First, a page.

The Balinese celebration of Galungan and Kuningan @ Angel House Ubud
WHAT IS A PENJOR?
When Galungan day approaches, the Balinese talent for making spectacular religious displays is evident all over Bali in the form of a Penjor. Balinese Hindus erect a penjor to symbolise the dominance of good (dharma) over evil (adharma), as well as offering thanks to God for the fruits of the Earth, and to show devotion to God in his manifestation as; Hyang Giri Pati (the God of the mountain).
These are placed in front of family compounds, shops and businesses as well as at the many temples. The PENJOR is an offering to the Gods, a temporary place of worship, facing the holy Mt Agung (Kaja side). It is made from a tall, curved bamboo pole which is then decorated with leaves, padi / dried rice stalks and offerings. Due to their length, (sometimes more than ten metres high), they droop charmingly over the pavement like an ancient street lamp. There is a small temple at the base of the Penjor to make daily offerings during the 10 days of Galungan and Kuningan. Penjor are seen all over Bali, swaying gently in the wind.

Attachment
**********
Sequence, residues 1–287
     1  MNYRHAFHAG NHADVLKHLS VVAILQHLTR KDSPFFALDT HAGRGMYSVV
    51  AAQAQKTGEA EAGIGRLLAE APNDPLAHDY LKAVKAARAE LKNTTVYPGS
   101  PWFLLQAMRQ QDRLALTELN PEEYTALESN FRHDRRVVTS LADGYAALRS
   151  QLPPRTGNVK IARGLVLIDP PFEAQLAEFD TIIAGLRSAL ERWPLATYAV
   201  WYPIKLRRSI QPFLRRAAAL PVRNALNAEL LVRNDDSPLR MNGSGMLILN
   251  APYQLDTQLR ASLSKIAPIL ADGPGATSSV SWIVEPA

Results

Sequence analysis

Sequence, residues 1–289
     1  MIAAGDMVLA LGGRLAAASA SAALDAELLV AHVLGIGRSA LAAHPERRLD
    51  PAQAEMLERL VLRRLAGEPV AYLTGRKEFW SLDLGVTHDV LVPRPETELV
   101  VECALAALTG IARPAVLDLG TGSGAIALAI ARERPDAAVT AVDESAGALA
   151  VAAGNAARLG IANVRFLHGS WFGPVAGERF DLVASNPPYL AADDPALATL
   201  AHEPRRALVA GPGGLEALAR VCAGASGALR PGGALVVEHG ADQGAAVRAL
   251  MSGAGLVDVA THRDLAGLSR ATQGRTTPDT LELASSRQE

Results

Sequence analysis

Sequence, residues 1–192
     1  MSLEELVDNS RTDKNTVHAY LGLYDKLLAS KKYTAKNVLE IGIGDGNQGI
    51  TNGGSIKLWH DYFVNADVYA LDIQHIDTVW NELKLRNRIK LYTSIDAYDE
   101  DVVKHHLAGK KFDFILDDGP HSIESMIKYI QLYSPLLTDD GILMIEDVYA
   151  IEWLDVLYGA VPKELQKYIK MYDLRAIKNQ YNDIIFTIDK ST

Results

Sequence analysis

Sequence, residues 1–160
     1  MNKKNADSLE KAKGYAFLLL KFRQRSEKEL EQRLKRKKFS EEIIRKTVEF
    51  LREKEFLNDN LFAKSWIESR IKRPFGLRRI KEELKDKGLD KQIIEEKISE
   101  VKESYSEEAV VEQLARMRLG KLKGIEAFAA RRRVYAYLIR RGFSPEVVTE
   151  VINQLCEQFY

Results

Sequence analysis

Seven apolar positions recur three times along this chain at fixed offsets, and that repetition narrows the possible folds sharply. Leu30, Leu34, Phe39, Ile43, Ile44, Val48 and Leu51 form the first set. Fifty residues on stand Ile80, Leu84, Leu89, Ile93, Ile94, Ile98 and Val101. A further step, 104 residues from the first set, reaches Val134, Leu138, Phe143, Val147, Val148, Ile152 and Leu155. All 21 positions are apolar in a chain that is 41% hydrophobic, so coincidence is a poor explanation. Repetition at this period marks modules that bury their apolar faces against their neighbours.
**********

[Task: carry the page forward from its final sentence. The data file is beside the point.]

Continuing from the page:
About halfway down the pole they attach a small cage in the shape of a triangle and made from bamboo, called Sanggah Cucuk. Offerings are placed in this and it is considered to be a temporary “throne” for the Gods when they come down to Earth for Galungan. If you take a close look at a Penjor, you’ll notice that at the extremity of the bamboo hangs a sampian (symbolises the cosmic wheel), ornamented with coconut leaves, rice and cakes, and also long strips of white and yellow material to symbolise that it is a holy offering. During Galungan and kuningan celebrations, the beautiful Penjor make the whole neighbourhood look spectacular!
The neighbourhood lanes with the Penjor draping above.